Stars: 3 out of 5
I have mixed feelings about this book. There are things that I absolutely loved, and there are aspects that left me cold or that I found rather underwhelming. However, nothing made me mad or made me hate the book, hence the middle of the road, perfectly serviceable 3 stars rating.
The world Tasha Suri created is fascinating and complex. I liked the different religions and customs. Some are truly monstrous though. The yaksa in particular are absolutely fascinating. What were they, really? Where did they go? Are they really gone for good or, as Pryia’s encounter in the deathless waters suggests, they still exist somewhere and are ready to come back. And what is that corruption that is killing crops and people and spreading to the rest of the kingdom? I definitely want to know more about that, because to me, it’s more interesting than the intrigues and politicking of men.
My biggest complaint is that this book is way too long. I understand that as the first book in a series it has the unthankful job of setting up the world and explaining the lore, but this exposition bogs down the story something bad, especially in the first almost half of the book. We spend so much time in the beginning setting up the characters and explaining their pasts, that it gets very boring. Nothing happens. Everyone just spins their wheels for half a book. I even considered DNFing this around 45%.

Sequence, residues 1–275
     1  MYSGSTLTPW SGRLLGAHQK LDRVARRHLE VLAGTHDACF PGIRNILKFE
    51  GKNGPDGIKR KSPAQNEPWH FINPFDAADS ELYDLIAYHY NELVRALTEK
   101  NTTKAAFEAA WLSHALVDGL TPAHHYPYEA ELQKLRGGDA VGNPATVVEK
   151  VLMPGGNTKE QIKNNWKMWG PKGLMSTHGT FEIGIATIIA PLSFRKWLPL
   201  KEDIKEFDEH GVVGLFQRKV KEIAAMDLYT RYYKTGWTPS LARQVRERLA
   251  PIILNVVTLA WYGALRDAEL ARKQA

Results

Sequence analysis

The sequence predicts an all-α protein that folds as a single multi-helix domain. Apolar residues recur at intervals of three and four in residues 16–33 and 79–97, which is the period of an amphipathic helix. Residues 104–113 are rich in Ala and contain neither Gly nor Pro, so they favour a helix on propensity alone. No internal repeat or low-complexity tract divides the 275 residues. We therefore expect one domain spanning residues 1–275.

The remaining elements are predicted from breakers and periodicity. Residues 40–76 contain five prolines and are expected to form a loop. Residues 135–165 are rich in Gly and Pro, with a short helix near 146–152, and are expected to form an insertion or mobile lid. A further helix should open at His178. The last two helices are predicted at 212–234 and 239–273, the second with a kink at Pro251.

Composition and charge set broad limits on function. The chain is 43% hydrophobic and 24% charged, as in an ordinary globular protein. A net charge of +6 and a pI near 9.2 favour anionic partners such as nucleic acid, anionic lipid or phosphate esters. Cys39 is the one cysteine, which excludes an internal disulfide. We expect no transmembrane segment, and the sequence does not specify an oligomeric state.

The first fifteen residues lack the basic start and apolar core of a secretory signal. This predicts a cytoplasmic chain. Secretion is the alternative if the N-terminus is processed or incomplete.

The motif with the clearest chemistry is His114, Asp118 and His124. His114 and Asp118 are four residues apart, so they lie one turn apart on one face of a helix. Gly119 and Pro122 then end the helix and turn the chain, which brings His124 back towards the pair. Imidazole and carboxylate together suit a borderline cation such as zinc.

I’m glad I didn’t though, because the story finally picks up in the second half of the book and moves at a pretty good clip. Things start happening, battles are fought and lost (or won), and the story is set up nicely for the next book in the series. I can’t help but think that this book would have been so much better if the beginning moved slightly faster as well.
Another issue I have with this story is that out of the main protagonists, Malini seems the weakest. She spends about 60% of the story imprisoned, drugged, and basically helpless. Not an agent of her own story, but somebody that the events just happen to. A passive observer, so to say. Pryia, and Ashok, and everyone else are acting and reacting to what’s happening, making plans and fighting their own battles. And Malini… Malini sleeps in a drugged sleep or is having withdrawals from that drug later on.
The problem that causes is the credibility of the character. Rao seems to admire her a lot. We are told that she single-handedly orchestrated a coup against her brother the Emperor. We are told that she is cunning, educated, and very smart… Yet we see none of that until very late in the book. So instead of being a strong and capable person, Malini comes across as a damsel in distress. That is not a trope I particularly like.
She became a more interesting character later in the book when she was allowed to actually act and react, so I have hopes that she will get more page time and better character development in the next book.
As it stands, I am on the fence whether I want to pick up the next book in the series or not. I might give it a try to see if the pacing issues have been fixed, and if we learn more about the yaksa.
PS: I received an advanced copy of this book via NetGalley in exchange for an honest review.